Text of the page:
Besides these cooperations, the new authoritarian regimes also worked within existing international organisations. Although full of contempt for the League of Nations, they remained active members of many other international institutions. The Reichsbank, for example, remained a member of the Bank for International Settlements. Fascist regimes increasingly dominated the International Prison Commission; in 1935, its international congress convened in Berlin, attended by Goebbels. The Nazis worked with the International Olympic Committee, turning the 1936 Summer Olympics into an international celebration of the ‘new man’. In 1938 Germany took over the International Criminal Police Commission – Interpol’s predecessor – based in Vienna, and two years later Hitler’s hangman Reinhard Heydrich became its new president.
This right-wing internationalism peaked during the Second World War. The Anti-Comintern Pact, signed by Tokyo and Berlin in 1936 (and in 1937 by Italy and Spain), was revised in 1941 to include, among others, Finland, Hungary, Bulgaria, Romania, Croatia, El Salvador and, as observer, Turkey. Forging an Axis internationalism, the Tripartite Pact, signed by Germany, Italy and Japan in 1940, was not only a military alliance, it also led to cooperation in research, culture and sports. Berlin even published a glossy bilingual journal, Berlin-Rom-Tokyo, to celebrate this internationalism, featuring articles ranging from the Germans in Hsinking to Japanese art exhibitions in Germany. As the tide of war turned against the Axis and Berlin began promoting the conflict even more vigorously as an international struggle against world Bolshevism, they recruited volunteers from across the continent (and beyond) into their armies. Even anti-colonial leaders joined this international, whether as part of Japan’s pan-Asian alliance, centred on the project for the Greater East Asia Co-Prosperity Sphere, or in Berlin’s anti-colonial international, which brought together anti-colonial nationalists from the Middle East, South Asia and North Africa. To be sure, many of these international cooperations were the result of significant pragmatism, but there was a global consensus that fascism was indeed an international project.
In the post-Second World War world, the far right, although crippled as a political force, continued to organise itself internationally. Examples range from the extremist World Union of National Socialists launched in 1962, which opened sections across the Americas, Europe and Asia, to the World Anti-Communist League, created in 1966, which brought together the extreme right with more moderate conservatives. Prominent international meetings included a camp organised in 1961 by the British National Party, with delegations from the United States, Austria, France, Germany and Sweden, and the World Nationalist Congress, convened by American neo-fascists in the mid-1970s, with guests from the United Kingdom, Germany, Belgium and other countries, issuing declarations in support of South Africa and Rhodesia, requests for the release of Nazi war criminals and announcements of solidarity with ‘all White Nationalists throughout the world’.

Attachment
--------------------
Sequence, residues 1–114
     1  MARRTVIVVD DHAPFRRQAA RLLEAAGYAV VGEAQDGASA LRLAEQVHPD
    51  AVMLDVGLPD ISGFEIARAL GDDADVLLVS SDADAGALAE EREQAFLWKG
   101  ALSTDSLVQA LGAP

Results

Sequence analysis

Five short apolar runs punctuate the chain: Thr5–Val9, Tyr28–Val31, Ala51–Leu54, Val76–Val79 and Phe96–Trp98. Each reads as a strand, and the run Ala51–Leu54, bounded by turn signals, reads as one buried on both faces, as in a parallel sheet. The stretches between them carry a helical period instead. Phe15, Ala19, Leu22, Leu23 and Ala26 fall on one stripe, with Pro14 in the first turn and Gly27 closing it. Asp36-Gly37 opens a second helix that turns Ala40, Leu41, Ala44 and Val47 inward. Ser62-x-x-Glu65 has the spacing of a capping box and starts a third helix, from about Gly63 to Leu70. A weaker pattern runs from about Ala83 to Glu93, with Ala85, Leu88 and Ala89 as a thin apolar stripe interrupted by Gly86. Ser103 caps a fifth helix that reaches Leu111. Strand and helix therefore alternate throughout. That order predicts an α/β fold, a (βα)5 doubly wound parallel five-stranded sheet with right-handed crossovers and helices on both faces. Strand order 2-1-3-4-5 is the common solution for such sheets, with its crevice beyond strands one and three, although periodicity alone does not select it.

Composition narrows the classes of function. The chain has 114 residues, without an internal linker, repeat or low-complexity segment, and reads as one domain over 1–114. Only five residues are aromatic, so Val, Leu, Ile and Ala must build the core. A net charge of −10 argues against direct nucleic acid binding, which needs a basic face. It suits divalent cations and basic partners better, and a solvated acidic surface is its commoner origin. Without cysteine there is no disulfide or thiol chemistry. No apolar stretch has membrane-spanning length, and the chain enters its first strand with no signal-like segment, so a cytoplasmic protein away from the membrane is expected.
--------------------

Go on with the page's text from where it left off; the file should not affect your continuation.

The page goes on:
Moreover, at the national congresses of right-wing organisations, such as the Order of Flemish Militants, the French and European Nationalist Party (and also the Front National), the Golden Dawn and Germany’s National Democratic Party, foreign delegations were regular participants. Indeed, the post-war far right never made a secret of its internationalist ambitions. In the early 1960s the British National Party officially declared that it was ‘as much concerned with the fate of our people in Melbourne as those in Manchester, or those in Stockholm and those in Sheffield’, and that the ‘co-operation and comradeship’ with allies across borders was to forge a united nationalist ‘world movement’. To be sure, such cooperations were not free of frictions and involved clashes between different far-right groups over questions concerning the relations between their countries. Their members did not always support their movements’ internationalist politics. But overall, the ‘transnational right’, to use the words of Martin Durham and Margaret Power, was an integral part of the twentieth-century global political landscape.